Louisa Thompson is among New Victory's 2017-18 LabWorks Artists.
Louisa Thompson is among New Victory's 2017-18 LabWorks Artists.
(© Joseph Marzullo)

The New Victory Theater, a presenter of Theater for Young Audiences, has announced the 2017-18 New Victory LabWorks Artists. Described as "NYC-based artists pursuing the creation of bold and exciting performing arts for family audiences," this year's roster will include projects from a variety of art forms.

Hosted in the New 42nd Street Studios, LabWorks equips artists with tangible resources, such as rehearsal space and basic technical assistance, as well as exposure to new creative processes and artistic principles through The New Victory's community of leaders in the field of performing arts for families.

For 2017-18, New Victory LabWorks Artists include:

— AchesonWalsh Studios use puppetry to tell the true story of a famous performing hippopotamus and his life as a migrant in America in William Johnson Hippopotamus XIII.

— Beat Piece, led by Leah Moriarty, a dance artist trained in South Asian, Arabic and African Diasporic techniques, sets out to address the ways we identify ourselves, our histories, our fears, and our relationships while challenging the role of the spectators in With Feeling.

— Christopher Anselmo and Jared Corak develop Fountain, a new musical that explores the peculiar and perilous oddities of Florida through the eyes of a young girl as she hunts for the healing waters of the Fountain of Youth to save her ailing grandfather.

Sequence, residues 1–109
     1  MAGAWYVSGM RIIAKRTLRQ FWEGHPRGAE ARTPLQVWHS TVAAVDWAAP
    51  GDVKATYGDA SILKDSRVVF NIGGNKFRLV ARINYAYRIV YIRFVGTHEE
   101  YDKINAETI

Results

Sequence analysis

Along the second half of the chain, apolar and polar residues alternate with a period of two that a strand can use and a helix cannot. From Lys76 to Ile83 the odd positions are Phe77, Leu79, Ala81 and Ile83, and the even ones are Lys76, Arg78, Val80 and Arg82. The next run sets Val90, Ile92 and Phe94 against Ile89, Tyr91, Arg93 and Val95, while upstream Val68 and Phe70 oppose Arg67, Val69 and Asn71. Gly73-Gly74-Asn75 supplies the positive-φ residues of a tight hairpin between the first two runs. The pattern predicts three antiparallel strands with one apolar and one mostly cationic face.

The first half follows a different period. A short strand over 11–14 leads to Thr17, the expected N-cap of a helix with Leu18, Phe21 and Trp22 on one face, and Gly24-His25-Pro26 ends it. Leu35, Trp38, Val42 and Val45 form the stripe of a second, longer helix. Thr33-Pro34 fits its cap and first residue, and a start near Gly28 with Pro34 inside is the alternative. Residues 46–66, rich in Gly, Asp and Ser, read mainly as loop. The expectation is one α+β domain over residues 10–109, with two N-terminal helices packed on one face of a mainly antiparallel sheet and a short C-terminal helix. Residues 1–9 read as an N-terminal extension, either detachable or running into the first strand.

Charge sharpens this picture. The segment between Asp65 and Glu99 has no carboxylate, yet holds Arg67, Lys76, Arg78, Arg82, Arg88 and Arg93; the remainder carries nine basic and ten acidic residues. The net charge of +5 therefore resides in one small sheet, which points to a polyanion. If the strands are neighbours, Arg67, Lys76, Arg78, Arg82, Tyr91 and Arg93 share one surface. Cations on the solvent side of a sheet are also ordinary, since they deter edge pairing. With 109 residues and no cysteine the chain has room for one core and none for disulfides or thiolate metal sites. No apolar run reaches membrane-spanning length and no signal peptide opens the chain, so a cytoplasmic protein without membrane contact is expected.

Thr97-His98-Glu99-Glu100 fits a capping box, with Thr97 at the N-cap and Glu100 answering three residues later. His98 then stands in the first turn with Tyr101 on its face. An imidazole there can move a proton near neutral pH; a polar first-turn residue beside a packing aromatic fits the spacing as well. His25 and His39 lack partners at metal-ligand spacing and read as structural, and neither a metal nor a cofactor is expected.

— Backstreet Boy Howie Dorough (Howie D.), Grammy-nominated Tor Hyams, Lisa Rothauser, Matte O'Brien, and Tate Theatrics present How We Do, a new musical about a biracial teen finding his place and acceptance in the awkward halls of middle school as he and his new-found friends embark on a journey through musical genres.

— Theater artist Kaneza Schaal and Caldecott Honor-winning author and illustrator Christopher Myers team up to consider mapping, migration, and the storytelling central to the lives of young people seeking refuge and asylum throughout the world today.

— Kate Douglas emphasizes conservation in an immersive botanical exploration designed to find the rarest flower in the greenhouse: Middlemist Red.

— Obie Award winner Louisa Thompson and collaborator Modesto "Flako" Jimenez create a tactile exploration of clothing and textiles in Workshop!, a play-based theatrical event.

— Marisol Rosa-Shapiro and her Soledad Ensemble incorporate the stories of child refugees and migrants from across the globe in The Seven Ravens Project, a physical theater adaptation of a lesser known tale from the Brothers Grimm.

— Phantom Limb Company's Jessica Grindstaff and Erik Sanko employ the Japanese style of Hachioji cart puppetry to tell the story of how two young animals find common ground in Over River and Wood.

— Saskia Lane and Stephanie Fleischmann, in collaboration with Julian Crouch and director Melissa Kievman, meld concert and theater to create The Sweetest Life, a riff on Hans Christian Andersen's little-known tale The Flax — a meditation on hope, resilience, and transformation in the face of life's hard knocks.